If you are reading this, then you already suspect your child is stressed and maybe even clinically anxious. You're worried about their worry.
What are signs of anxiety in a child?
The signs and symptoms of anxiety in children and teens can often be hard to spot. In my blog, dealing with anxiety, I go into depth all the ways anxiety can show up emotionally, behaviorally, socially, and physically.
Parents need to understand that kids can live in a safe home, go to a great school, have good friends and still have stress and anxiety. There is just a lot going on in the world and it can creep up on them. Most kids and teens show anxiety physically. That means they might have sleep problems, digestive issues, headaches and so on.
Parents also want to look for a change in their child. Maybe they are extra crabby, stopped wanting to hang out with family or friends, or are eating less or more. These changes are often missed because they can occur gradually or because parents might associate a change with a clinical issue such as anxiety.
When should I be concerned about my child's anxiety?
If you are questioning if your child is stressed or anxious, then with a very high probability they are. Stress moves to clinical anxiety when it has a significant impact on a child’s or teens daily life in some way. That means at home or school that anxiety is holding them or getting in the way of something.
Does childhood anxiety go away?
Kids don’t just outgrow their anxiety and instead need direct support to deal with it. Sometimes parents think, “How can my child be stressed or anxious” and therefore may miss the connection between those belly aches and anxiety. It is only when we look back can we connect the dots. Every day, I see families who connect the dots after years of struggles before they realize anxiety was the nexus.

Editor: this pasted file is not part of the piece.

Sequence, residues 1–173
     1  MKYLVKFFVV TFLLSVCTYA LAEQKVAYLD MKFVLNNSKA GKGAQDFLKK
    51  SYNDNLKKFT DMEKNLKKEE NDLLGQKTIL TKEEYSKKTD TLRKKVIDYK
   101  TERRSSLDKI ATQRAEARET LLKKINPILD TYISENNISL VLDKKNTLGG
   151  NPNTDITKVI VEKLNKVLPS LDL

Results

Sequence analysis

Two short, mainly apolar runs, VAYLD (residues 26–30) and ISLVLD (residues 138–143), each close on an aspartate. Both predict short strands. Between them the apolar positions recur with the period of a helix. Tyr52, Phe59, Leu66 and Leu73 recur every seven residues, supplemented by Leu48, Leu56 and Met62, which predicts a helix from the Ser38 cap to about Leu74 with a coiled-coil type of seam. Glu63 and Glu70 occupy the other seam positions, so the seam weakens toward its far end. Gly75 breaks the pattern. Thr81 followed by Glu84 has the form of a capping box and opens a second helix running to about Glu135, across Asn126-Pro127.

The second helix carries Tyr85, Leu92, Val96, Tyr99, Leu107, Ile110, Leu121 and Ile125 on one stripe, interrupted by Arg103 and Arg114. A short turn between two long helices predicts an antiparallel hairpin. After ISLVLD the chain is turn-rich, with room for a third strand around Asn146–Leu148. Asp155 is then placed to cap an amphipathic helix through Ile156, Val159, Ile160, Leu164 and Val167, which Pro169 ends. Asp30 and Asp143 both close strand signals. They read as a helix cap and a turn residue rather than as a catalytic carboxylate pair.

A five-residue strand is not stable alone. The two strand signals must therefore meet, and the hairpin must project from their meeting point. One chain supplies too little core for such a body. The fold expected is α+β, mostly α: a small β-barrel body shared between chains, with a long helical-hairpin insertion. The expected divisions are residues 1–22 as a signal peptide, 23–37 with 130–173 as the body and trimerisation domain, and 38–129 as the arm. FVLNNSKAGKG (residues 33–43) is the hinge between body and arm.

How to help a child struggling with anxiety?
The bells are going off and you realize that your kid’s anxiety is an issue. You may be asking yourself, how can I help my child overcome anxiety? Well the first thing you need to do is put your own oxygen mask on!
I talk a lot about my trademarked REPS Protocol™, which is a way for adults and kids to break free from their anxiety, panic, distress, or other uncomfortable emotions and sensations with four steps. In the case of parenting a child with anxiety, you want to apply this to yourself first because our children co-regulate with us, so it is extra important that we take care of ourselves too.
- It all starts with breath. It regulates your autonomic nervous system and helps to keep us in a calm parasympathetic state.
- Seeing successful outcomes and in this case seeing you and your child calm is critical.
- Using positive language with kids not only reinforces their actions and makes it more likely that they will learn, it feels good for both of you.
- Stress Management
- Ten minutes a day of a stress management technique is all we need to
To learn more about my REPS Protocol™, check out this YouTube video.
How can I treat my child's anxiety naturally?
You may be wondering, “how to help a child with anxiety without medication?” and questioning if that is even possible. Well it is and we should never jump to medicating our children and teens, as many psychiatric medications are used “off-label.” That means that kids with mental health issues are given medication without research to support their efficacy and more importantly their safety.
I talk a lot about natural remedies for treating anxiety in children and there are many natural treatments for anxiety for children and teens that parents can feel good about – for both safety and efficacy.
Here are some of my favorite natural treatments for anxiety in teens and children:
What vitamins help with calming?
Supplements and herbs for anxiety can really help to regulate the nervous system so a person can regulate and learn new ways to cope with stressors or uncomfortable sensations or emotions. When a person is anxious, they want to avoid stress at all costs but it is when we learn to cope that we build resilience, which is the key to lifelong mental health.
Can yelling at a child cause anxiety?